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Dave Freisleben

March 6, 2012

Tour Guide

Pitcher and Sky #4

I’m going to try to get out of the way for once, so I’ll keep this brief. Take a moment with this Dave Freisleben card, another 1976 offering of a long-sleeved San Diego Padres pitcher backed by blue sky. Your day is hectic, imperfect, a snarl of worries and frustrations. Step out of all that for one moment. That’s what these cards are for.

Now, let’s have a look at the moment behind this moment of blue sky. Go to the Fantography™ website homepage and click on the second photo from the top in the far left-hand column of photos. When you click on the photo, it will expand, and you’ll be able to see it along with this 1976 Dave Freisleben card and a caption: “This is the exact moment that Topps’ photographer Doug McWilliams shoots Dave Freisleben’s baseball card photo.”

So many things could have made it into the baseball card photo but didn’t. So many possible deflations and detractions. The blotchy brown grass, the measly bleachers, the empty field, the cages and fences and light tower and even any number of lesser versions of Dave Freisleben, whose lifetime record when the shutter clicked stood at 14 wins and 28 losses. McWilliams transforms a blotchy world. McWilliams transforms a young losing pitcher. Take one moment and attend transformation.

15 comments

  1. wow,
    coulda been so different cuase all the things you mentioned that are in that photograph of the photograph. thanks for sharing that transformation.
    i’m gonna be staring at the horizon on my way to work and fighting off distractions.


  2. Beautiful. Not many pitchers rock No. 14. David Price of the Rays is the only other who comes to mind.


  3. “Not many pitchers rock No. 14. David Price of the Rays is the only other who comes to mind.”

    Aw come on, what about Atlee Hammaker? 14 vs. 14, 1983 All-Star Game. Rice took him deep.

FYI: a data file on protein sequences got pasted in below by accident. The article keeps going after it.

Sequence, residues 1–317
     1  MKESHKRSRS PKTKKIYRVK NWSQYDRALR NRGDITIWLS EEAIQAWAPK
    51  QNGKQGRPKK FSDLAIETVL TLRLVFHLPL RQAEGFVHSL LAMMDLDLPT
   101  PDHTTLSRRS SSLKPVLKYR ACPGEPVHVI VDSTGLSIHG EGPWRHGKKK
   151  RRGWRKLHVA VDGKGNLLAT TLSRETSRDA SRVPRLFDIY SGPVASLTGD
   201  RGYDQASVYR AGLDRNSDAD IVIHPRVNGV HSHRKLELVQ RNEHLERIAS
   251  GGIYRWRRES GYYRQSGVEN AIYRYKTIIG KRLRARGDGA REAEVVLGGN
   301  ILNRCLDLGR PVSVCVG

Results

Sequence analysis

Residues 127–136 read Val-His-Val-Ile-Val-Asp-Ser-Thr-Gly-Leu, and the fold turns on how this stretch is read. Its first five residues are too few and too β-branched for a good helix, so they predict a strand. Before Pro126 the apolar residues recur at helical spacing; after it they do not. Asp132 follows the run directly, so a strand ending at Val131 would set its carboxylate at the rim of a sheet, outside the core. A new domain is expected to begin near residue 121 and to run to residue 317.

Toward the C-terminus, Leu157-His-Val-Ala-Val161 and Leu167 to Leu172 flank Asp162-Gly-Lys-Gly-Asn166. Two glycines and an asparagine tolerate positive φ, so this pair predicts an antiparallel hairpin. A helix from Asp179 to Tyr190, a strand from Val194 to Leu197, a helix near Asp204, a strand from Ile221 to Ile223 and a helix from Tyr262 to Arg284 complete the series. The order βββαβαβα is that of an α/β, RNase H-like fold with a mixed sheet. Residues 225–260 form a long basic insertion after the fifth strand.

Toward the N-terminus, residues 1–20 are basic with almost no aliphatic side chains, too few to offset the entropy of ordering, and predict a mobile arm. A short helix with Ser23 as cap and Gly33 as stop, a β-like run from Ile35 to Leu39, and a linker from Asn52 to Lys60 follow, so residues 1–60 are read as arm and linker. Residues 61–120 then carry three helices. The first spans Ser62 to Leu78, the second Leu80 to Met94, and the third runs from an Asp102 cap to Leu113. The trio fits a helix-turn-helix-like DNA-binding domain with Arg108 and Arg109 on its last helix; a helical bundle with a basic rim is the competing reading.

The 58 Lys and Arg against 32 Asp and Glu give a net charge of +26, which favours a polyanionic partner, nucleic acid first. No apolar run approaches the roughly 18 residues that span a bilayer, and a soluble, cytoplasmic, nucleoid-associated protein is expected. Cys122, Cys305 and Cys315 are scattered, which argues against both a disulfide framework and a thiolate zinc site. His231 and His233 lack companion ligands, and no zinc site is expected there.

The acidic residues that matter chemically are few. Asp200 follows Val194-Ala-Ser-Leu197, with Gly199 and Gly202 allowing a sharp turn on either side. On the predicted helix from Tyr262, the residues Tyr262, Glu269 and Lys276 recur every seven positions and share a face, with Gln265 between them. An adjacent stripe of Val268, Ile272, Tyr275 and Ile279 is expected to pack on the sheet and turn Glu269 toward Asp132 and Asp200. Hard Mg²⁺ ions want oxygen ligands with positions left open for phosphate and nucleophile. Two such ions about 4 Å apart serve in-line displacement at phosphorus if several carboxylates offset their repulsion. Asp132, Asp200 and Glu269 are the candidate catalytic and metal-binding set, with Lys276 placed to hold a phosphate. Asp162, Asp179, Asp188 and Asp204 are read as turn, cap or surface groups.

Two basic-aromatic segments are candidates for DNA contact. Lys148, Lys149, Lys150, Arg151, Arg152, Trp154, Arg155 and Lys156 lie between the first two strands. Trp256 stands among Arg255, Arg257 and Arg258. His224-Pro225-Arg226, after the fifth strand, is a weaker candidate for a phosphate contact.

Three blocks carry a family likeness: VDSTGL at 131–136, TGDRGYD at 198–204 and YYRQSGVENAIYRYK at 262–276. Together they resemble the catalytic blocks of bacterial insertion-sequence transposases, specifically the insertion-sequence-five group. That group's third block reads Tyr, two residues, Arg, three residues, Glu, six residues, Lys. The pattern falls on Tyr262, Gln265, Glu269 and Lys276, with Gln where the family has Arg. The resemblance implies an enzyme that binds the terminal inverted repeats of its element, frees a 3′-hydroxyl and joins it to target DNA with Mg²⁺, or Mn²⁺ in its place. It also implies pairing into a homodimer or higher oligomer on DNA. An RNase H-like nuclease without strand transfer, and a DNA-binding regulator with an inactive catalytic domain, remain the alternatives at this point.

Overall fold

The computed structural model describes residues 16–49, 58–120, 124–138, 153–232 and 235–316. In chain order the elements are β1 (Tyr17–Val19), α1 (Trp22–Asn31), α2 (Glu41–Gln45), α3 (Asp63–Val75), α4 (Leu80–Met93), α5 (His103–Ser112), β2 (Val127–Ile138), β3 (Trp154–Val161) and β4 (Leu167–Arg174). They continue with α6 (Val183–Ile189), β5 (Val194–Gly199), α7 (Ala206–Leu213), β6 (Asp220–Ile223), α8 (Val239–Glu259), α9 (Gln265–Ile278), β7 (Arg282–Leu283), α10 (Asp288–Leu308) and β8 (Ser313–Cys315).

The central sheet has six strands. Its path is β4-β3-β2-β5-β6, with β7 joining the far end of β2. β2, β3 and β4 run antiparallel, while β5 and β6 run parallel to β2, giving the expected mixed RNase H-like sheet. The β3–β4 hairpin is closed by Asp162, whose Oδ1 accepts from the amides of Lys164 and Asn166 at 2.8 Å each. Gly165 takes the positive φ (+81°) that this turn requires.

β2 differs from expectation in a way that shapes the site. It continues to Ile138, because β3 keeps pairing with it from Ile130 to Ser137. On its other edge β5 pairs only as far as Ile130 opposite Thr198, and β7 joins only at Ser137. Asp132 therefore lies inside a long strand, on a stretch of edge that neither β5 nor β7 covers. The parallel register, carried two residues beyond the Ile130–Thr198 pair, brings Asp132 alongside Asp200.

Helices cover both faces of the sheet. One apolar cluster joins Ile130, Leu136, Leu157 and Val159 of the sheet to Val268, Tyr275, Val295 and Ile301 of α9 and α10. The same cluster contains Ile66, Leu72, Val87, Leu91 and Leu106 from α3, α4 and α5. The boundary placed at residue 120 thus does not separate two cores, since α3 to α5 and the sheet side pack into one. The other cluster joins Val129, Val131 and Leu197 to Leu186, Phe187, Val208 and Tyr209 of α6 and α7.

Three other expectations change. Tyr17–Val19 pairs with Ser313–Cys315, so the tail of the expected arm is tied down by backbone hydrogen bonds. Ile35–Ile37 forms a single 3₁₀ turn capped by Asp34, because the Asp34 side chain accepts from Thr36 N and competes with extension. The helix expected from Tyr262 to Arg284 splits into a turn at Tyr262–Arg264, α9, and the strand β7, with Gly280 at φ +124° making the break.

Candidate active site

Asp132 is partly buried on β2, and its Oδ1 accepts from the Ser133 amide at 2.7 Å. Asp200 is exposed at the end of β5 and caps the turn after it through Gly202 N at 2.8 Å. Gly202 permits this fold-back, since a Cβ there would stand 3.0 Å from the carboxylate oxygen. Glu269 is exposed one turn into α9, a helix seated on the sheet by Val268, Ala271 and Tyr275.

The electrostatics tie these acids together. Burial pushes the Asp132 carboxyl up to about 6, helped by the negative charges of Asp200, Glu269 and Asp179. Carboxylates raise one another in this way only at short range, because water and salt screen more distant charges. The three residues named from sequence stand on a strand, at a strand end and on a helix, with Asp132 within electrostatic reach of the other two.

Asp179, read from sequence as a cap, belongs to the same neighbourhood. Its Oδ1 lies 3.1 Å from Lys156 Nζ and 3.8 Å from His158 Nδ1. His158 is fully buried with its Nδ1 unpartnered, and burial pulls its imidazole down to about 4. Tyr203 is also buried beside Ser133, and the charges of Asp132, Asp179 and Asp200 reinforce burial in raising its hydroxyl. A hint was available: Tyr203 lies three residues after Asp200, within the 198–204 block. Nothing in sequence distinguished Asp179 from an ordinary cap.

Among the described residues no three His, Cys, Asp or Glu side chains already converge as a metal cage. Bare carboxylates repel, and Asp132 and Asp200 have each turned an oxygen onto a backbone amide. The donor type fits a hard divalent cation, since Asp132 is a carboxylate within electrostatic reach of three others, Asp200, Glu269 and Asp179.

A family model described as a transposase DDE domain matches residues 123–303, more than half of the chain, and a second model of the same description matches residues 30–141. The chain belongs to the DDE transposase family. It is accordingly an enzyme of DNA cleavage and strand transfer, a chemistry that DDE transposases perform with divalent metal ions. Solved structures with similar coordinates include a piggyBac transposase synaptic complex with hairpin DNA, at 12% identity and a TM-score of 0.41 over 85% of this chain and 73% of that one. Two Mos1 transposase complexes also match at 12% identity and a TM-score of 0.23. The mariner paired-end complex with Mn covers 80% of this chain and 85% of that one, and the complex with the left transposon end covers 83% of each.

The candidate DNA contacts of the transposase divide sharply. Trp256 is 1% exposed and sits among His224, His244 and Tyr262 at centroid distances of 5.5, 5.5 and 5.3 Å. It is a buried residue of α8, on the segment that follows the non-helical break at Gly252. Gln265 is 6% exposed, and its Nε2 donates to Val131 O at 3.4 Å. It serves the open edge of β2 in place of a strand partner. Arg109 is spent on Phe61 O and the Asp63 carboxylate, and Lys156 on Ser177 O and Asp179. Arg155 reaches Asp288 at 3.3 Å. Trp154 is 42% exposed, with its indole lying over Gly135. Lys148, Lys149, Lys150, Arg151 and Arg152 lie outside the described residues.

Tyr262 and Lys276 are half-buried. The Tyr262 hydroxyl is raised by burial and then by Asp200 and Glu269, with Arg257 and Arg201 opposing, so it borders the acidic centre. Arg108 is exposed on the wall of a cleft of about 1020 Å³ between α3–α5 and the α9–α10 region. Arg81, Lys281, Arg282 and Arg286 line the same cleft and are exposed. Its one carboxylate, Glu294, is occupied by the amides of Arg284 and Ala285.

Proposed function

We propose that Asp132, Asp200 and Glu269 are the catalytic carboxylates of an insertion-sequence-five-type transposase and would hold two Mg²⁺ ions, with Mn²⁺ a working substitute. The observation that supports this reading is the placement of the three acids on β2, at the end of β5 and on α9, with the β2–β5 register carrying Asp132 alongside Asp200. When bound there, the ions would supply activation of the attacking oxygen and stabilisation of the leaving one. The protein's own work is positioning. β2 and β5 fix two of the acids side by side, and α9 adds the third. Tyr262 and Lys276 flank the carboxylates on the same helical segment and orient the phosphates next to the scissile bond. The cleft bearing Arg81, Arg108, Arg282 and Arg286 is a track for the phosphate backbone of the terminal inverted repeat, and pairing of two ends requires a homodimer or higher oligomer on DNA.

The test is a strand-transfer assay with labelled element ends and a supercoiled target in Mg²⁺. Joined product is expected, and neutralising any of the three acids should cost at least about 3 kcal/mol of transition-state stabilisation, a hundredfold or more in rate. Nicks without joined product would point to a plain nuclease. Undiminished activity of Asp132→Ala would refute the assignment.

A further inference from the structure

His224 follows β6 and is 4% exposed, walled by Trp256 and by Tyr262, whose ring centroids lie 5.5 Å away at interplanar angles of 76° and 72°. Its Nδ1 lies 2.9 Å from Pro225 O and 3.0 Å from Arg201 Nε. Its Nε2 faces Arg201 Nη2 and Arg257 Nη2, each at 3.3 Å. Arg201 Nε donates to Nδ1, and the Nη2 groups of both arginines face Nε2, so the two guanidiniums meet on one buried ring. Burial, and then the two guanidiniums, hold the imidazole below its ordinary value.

4. As for the picture–that is crazy. I mean, for a lot of these sky shots, you can tell it’s spring training since there are no stands behind them, but I still think of them as at least being in a “ballpark,” as opposed to this, which may as well be where any of us played Little League. But at least we had green grass. Greener than this, anyway.


  5. That’s awesome.


  6. pitchers sure were cold back then….spring training should be warm.


  7. what city is this taken in? this is really cool….do you have more? although maybe peeling everything back and seeing what it really is like instead of the imagined world will further deflate the last vestige of childhood bubble i cling too.

    that sure seems like a high backstop.

    grass technology has come a long way since the 70s. major league parks grass was pretty crappy too my todays standards….check out the few oakland a’s you tube clips from the early 70s…..perhaps there should be a fielder adjustment for having to play on thos crappy fields


  8. i know the padres played in cactus league in AZ for spring training…so exciting seeing my indians getting to battle is out with the padres……

    so this has to be somewhere in AZ.

    Cleveland was in Tuscon in the 70s.

    were there even fences at this field? you can see forever! I am just glad this is a real picture, not some faux background


  9. Gedman you got me. Atlee Hammaker would be a great band name.

    The original picture seemed to have moved to the last photo in Gallery 3. Caption says it was shot in Yuma, Ariz.

    How did you find this one Josh, and was this the plan all along? This is one of your best series.


  10. Jon: Greg Hanlon (http://www.capitalnewyork.com/users/greg-hanlon) sent me a heads-up about the Freisleben “making of” photo on Fantography many months ago, and I noticed that several other ’76 Padres cards seemed to have a similar look. I’ve been meaning to make something of it ever since.


  11. Thanks to the person above pointing out that it’s Yuma, I went to Yuma on Google Maps and went to where the stadium is. I figured what we saw in the pic was a practice field next to the actual park they played in. Well, sure enough, there are three practice fields around the stadium. Same backstops. Same bad grass behind them. I think the backstop we see is from the field on the top right (see link below). See how in the pic there’s a single light tower, which would be for the field out of frame to the left? This makes sense on G-Maps, too, as you can see the field to the top left has that single light tower down the right field line, where as the field on the top right has no lights.

    http://g.co/maps/6qnr7


  12. I should point out that I cold be way off–maybe this place wasn’t even there back then. But it kinda makes sense. (Also, the light tower we’re seeing could also be the one closer to first base on that other field, but then we should see one farther down the line. Who knows….)


  13. I should point out that I could be way off–maybe this place wasn’t even there back then. But it kinda makes sense. (Also, the light tower we’re seeing could also be the one closer to first base on that other field, but then we should see one farther down the line. Who knows….)


  14. Really great blog..Love all the older stuff please check out http://www.walloffamesports.com


  15. Very cool.



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